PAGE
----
PBOC adjusts formula for yuan fixing, sparking rise in currency
Move aimed at warding off potential capital outflows from impending rise in US interest rates
The People’s Bank of China will adjust the formula for calculating its daily yuan reference rate, in an apparent aim to ward off potential capital outflows resulting from the United States Federal Reserve’s impending rise in interest rates.
A “counter-cyclical adjustment factor” would be added to the closing exchange rate and to the basket of currencies for calculating the yuan’s daily fixing, or the mid-point rate from which the yuan is allowed to trade by up to 2 per cent, Bloomberg reported, citing unnamed sources as saying, without clarifying details.
“The counter-cyclical adjustment factor is aimed at reducing the herd behaviour in the foreign exchange market and guide the focus back to economic fundamentals,” the central bank said on its website on Friday.
The commercial banks that contributed daily quotes for the setting of the yuan reference rate would apply the new revision shortly, Bloomberg said.
Offshore, the yuan surged 0.47 per cent, the most since March 15, to 6.8161 against the US dollar on Friday, the strongest level since February.
Onshore, the yuan rose to as high as 6.8465 to the dollar before settling at 6.8525, the strongest since February and above the day’s reference rate at 6.8698.
The new mechanism was expected to reduce the influence of the yuan closing price, which might reduce market volatility, although it was not clear how the “counter-cyclical adjustment factor” was determined, analysts said.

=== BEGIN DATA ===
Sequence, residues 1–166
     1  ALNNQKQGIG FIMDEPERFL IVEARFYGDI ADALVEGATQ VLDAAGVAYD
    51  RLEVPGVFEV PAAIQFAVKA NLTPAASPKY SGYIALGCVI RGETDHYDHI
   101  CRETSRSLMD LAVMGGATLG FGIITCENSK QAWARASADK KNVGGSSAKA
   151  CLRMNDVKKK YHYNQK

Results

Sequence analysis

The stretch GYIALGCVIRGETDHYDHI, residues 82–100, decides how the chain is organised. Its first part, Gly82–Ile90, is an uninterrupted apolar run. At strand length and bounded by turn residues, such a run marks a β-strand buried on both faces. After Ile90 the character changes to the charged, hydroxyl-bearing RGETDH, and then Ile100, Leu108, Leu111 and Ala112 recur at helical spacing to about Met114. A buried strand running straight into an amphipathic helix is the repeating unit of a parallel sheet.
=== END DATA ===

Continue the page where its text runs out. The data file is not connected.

“The new component weakens the significance of the daily closing price against the dollar in the calculation, especially when the dollar rebounds after weakening recently,” said Jimmy Zhu, the chief strategist at Fullerton Markets.
“At the same time, the central bank has been allowing the yuan to gradually fall against a basket of currencies, gradually releasing depreciation pressure there.”
ANZ said in a report the new fixing mechanism was less transparent and introduced greater unpredictability in the fixing.
The PBOC has been setting the yuan reference rate with a strong bias in the past month or so, but the spot rate has generally kept trading at a weaker level than the fix, suggesting that onshore market demand for dollars remained strong and pointing to lingering yuan depreciation pressure.
The adjustment is the second to the setting of the daily reference midpoint fixing this year after it reduced the reference period of yuan trading against its trade-weighted basket to 15 hours (from 4.30pm to 7.30am) from 24 hours.